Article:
Petrol price spike looms for motorists, RBA comments on inflation

Experts are warning motorists to fill up ASAP before petrol prices jump.

Experts are warning motorists to fill up ASAP before petrol prices jump. Photo: AAP

Motorists have a small window to fill up on cheaper petrol as many cities hit their first new fuel cycle after the fuel excise tax was reinstated.

Some retailers are charging more than $2.10 per litre across the major capital cities, but others are yet to lift prices, Compare the Market data shows.

The surge in fuel prices follows the return of the fuel excise tax after it was temporarily halved as a cost-of-living relief measure when the war in Ukraine sent fuel prices skyrocketing earlier in the year.

So far, the return of the fuel excise tax has failed to show up at the pump, but Compare the Market energy expert Chris Ford said the start of a new fuel cycle means prices would now start climbing.

He said new fuel price cycles started in Sydney and Brisbane on Friday.

“We know that fuel prices fluctuate in regular cycles and commuters will see the biggest difference between the cheapest and the most expensive at the start of the cycle, when prices are climbing,” Mr Ford said.

In Sydney, Melbourne, Brisbane and Adelaide, a 50-cent gap now exists between the cheapest and most expensive fuel.

Based on a weekly average, fuel prices only rose by a modest 1.4 cents last week, according to the Australian Institute of Petroleum’s fuel report.

The average was likely pulled down by low prices early in the week.

Mr Ford said retailers only started to hike prices over the weekend in most cities.

Wholesale fuel prices have remained fairly steady, but the Organisation of the Petroleum Exporting Countries’ decision to cut production by two million barrels a day is keeping upward pressure on petrol prices.

“Fuel prices skyrocketed earlier this year due to fuel supply chain issues caused by the COVID pandemic, the war in Ukraine and supply shortages, but it’s OPEC’s latest decision to cut oil production that will keep prices high now,” Mr Ford said.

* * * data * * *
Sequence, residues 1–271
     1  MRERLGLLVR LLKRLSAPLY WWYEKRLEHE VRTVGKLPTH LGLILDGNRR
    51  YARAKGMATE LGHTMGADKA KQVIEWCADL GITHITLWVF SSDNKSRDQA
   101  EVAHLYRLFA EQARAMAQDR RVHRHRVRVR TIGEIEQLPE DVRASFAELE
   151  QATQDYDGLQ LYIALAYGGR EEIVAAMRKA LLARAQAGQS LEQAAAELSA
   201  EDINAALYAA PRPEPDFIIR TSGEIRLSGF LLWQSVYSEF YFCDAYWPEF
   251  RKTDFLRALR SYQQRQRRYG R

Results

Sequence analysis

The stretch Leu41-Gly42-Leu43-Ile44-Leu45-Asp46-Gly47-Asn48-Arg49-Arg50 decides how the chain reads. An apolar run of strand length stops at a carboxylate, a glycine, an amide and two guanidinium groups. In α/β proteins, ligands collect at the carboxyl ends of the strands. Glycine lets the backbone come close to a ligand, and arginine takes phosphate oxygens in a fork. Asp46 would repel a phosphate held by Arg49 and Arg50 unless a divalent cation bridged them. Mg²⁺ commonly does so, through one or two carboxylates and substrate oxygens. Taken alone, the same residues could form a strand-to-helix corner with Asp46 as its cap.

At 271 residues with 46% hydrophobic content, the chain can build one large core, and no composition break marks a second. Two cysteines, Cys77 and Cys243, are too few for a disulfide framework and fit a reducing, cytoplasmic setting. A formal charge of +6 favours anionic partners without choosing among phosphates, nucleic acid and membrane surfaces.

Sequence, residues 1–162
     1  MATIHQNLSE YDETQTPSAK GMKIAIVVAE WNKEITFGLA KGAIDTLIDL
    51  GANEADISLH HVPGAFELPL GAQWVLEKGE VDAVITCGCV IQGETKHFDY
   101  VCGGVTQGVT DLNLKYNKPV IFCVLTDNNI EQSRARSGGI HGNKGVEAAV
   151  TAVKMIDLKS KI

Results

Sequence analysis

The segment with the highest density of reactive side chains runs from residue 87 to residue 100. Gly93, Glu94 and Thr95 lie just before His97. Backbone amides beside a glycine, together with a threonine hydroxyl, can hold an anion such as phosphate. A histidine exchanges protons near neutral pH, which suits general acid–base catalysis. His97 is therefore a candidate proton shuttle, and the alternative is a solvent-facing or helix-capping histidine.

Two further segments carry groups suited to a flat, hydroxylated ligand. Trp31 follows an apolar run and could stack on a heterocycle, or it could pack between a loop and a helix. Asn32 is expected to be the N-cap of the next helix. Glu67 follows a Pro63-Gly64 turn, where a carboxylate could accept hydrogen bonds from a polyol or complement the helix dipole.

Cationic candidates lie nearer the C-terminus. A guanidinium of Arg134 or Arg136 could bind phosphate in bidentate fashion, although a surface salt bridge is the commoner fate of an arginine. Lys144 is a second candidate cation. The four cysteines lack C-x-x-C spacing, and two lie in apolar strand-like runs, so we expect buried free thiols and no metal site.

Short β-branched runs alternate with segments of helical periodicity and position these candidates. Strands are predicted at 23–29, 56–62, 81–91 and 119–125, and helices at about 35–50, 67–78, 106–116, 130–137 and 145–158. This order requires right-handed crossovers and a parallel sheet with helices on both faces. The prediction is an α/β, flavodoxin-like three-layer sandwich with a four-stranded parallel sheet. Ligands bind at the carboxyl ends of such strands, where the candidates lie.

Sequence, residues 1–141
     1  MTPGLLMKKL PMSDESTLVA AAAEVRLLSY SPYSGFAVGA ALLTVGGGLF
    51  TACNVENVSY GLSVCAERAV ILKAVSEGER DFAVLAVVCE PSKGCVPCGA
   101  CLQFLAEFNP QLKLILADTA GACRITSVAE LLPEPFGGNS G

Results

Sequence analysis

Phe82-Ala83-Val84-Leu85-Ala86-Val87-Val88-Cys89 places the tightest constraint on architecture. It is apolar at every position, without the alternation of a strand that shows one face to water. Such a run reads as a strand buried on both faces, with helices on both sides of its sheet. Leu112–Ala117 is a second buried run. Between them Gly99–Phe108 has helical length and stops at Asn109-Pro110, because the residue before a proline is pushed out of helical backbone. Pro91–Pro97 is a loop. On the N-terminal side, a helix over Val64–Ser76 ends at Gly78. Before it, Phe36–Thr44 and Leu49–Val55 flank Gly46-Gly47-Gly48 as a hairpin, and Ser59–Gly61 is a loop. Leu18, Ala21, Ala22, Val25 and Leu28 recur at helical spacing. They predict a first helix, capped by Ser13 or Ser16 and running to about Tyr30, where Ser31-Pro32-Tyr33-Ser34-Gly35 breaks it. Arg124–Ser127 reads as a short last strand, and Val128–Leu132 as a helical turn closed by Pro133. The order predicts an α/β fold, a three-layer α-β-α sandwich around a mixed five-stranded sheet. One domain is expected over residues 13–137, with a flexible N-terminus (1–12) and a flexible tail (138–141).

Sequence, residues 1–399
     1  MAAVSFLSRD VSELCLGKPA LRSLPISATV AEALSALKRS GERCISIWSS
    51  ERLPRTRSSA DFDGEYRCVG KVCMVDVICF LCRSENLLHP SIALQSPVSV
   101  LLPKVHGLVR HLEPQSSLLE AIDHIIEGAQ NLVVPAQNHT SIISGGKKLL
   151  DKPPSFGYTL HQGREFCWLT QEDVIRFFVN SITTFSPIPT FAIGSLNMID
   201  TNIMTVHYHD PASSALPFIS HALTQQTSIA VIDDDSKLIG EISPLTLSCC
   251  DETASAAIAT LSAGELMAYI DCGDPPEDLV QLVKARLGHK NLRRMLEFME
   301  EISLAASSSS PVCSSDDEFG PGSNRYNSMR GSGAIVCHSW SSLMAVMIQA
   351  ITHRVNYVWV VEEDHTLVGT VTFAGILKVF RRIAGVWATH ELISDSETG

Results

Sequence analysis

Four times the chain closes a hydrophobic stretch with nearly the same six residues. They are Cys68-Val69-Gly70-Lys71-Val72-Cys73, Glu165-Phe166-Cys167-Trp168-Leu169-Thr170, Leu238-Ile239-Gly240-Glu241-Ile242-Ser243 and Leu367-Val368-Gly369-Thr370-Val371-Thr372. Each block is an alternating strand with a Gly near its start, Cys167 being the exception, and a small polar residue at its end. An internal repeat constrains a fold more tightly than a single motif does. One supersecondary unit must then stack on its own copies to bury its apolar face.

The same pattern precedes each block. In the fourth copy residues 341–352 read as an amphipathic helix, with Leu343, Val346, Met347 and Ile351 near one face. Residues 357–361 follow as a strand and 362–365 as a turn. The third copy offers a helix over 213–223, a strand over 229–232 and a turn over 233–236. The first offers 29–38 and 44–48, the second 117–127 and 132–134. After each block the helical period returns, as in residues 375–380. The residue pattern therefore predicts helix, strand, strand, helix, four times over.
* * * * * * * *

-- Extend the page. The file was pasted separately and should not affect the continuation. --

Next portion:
Elsewhere, a senior Reserve Bank official has weighed in on the relationship between the weak Australian dollar and inflation.

While the currency has plummeted against the booming US dollar, RBA assistant governor Christopher Kent says it remains relatively strong compared to other major currencies.

Speaking at a Commonwealth Bank event in Sydney, Dr Kent said depreciation against the greenback would drive up the price of imported goods and services because a lot of global trade is invoiced in US dollars.

While the Australian dollar has fallen by 14 per cent against the greenback in the year, it only declined by 2 per cent on trade-weighted terms – which measures the currency against a basket of global peers.

That’s why the RBA expects the depreciation in the dollar will lead to a “relatively modest” lift in consumer prices.

“A rough rule of thumb from our models suggests that the level of the consumer price index will be higher by only around 0.2 per cent in total over the course of a few years,” Dr Kent said.

He also said the soaring US dollar would eventually start cooling demand for US goods and services.

Australia’s longer-term growth outlook has also been downgraded, although Treasury has boosted its growth forecasts for 2022/23 by a quarter of a percentage point from predictions made in July.

It comes as internal RBA research says property prices could fall by as much as 20 per cent by the end of 2024 amid higher interest rates and a slowing economy.

The country’s slowdown in domestic growth is expected to worsen in 2023/24, with Treasury cutting its forecast for growth by half a percentage point from July projections.

– with AAP

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